Saturday, December 26, 2009

Holiday Reading

This break is turning out to be a great time to catch up on some reading and gather up more inspiration for being a part of Vancouver's urban agriculture movement.

Here are a few good sites for those interested:

1) The Tyee's summer series on urban agriculture in BC - here

2) City Farmer's new News Blog for more international stories - here

Have a safe and happy end to 2009. We hope you have a lovely time welcoming in the New Year and that it is filled with great new resolutions, like growing local.

- Marnie

Thursday, December 17, 2009

Happy Holidays

As you wind down for the upcoming holiday season the idea of building an organic food garden might be far from your thoughts. Not here at SPEC!

Our School Gardens Coordinator, Catriona Gordon and our School Gardens Facilitator, Marnie Newell, have been busy attending meetings, doing research and gathering resources to help 4 Vancouver Elementary Schools start their gardens in the spring.

It’s amazing what can go into the process when you’re trying to do things right!

We’ve been discussing garden plans/dreams with incredible teams of passionate people at all of our participating schools. But our goal is to start building the physical infrastructure for our garden as soon as the ground has thawed. This means deciding on the design and materials for garden boxes and raised beds, which are the best options for school gardens (the little guys don’t compact the soil by walking on the beds).

Our teams are learning more and more about what needs to go into a garden to make it successful. Perhaps the most important words here are “teamwork” and “staying power”. Many gardens have been built on school grounds only to be torn down soon after because they fell apart or their creators left them and no one kept them up. This is what we’re working to avoid right now. Schools interested in building a garden should establish a Garden Committee with teachers, parents, students, administrators and the community involved. The more individuals who are ready to commit to the garden’s continued success the better. When the project is a whole school and even a whole community initiative more people become invested in its success and ready to offer their expertise or even supplies to help it thrive and grow.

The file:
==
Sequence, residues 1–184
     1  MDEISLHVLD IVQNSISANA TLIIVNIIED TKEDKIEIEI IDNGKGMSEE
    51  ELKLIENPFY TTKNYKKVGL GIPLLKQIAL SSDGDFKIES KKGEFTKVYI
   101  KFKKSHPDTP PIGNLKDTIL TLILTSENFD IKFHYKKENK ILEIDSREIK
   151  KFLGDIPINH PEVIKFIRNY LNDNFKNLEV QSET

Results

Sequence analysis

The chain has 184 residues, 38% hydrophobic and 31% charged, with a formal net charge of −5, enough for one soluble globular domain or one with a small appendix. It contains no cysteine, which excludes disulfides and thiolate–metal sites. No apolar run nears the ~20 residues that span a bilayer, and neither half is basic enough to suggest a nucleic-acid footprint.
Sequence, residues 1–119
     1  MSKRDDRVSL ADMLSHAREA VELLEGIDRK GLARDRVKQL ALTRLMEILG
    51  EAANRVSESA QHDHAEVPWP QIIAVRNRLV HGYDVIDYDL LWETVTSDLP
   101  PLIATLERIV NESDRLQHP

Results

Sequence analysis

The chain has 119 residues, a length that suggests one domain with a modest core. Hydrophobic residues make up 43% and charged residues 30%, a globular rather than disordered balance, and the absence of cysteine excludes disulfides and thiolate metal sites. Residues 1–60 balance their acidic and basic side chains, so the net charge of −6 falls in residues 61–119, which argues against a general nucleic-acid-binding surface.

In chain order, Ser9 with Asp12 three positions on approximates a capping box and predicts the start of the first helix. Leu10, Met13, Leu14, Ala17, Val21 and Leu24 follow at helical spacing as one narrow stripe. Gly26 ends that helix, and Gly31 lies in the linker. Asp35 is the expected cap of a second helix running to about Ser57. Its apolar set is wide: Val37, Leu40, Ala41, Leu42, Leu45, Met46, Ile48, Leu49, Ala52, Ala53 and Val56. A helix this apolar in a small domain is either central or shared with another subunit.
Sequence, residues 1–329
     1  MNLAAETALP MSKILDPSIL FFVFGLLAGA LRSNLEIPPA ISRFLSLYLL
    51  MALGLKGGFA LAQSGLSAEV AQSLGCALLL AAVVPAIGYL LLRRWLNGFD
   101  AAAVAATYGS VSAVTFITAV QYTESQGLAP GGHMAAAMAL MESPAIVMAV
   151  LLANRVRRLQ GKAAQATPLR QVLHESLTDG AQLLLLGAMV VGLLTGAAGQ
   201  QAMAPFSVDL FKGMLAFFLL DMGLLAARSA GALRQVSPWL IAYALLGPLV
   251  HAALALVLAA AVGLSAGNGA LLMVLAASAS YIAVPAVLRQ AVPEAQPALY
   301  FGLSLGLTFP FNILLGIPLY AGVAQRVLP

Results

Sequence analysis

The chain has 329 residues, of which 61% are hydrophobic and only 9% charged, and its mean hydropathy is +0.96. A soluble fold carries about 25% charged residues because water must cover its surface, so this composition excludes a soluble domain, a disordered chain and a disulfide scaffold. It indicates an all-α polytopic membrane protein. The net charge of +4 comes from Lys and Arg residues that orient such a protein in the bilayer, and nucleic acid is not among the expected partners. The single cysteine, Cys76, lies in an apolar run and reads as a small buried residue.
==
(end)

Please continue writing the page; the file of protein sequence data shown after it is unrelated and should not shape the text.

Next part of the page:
What has been absolutely inspiring in our experience so far is how many people believe in this work and are ready to donate their time and skills to make it the best it can be. The wealth of resources provided by the internet and other agriculture-related organizations is also astounding.

Keep an eye on this blog to learn more about this work. Updates, insights on school garden design and links to resources are on their way shortly.

posted by Marnie

Wednesday, December 9, 2009

Winter greetings from City Square!

Here are some images from our last meeting of the year, Dec. 7th.

Our beautiful new sign, created by SPEC volunteers Marcie and Carmen. Thanks so much for your contribution!

Broccoli and Brussel Sprouts still going strong, we look forward to harvesting these in the next couple months!

mmm, already looking delicious...

These were the oats we had planted in September, the most successful of the cover crops we planted. Once turned in, they will help to build the complexity of the soil.

Our gardener Beng, with a celery - harvested in December! Only in Vancouver....

Also parsnips! Although dirty, they are beautiful (and tasty!) A highly recommended crop for winter gardening.

This is one of the many marigolds we planted as a companion to tomatoes and other crops. Now that they have finished their life cycle we can harvest the seeds from the pods for next year.

Just open the dried pods, remove the seeds, and put in an envelope for future use. No need to spend $ on expensive bedding plants.

Our next meeting is Sunday, January 17th at 10am.

Seed catalogues are in, which means soon we will begin planning for next season. Let the fun begin!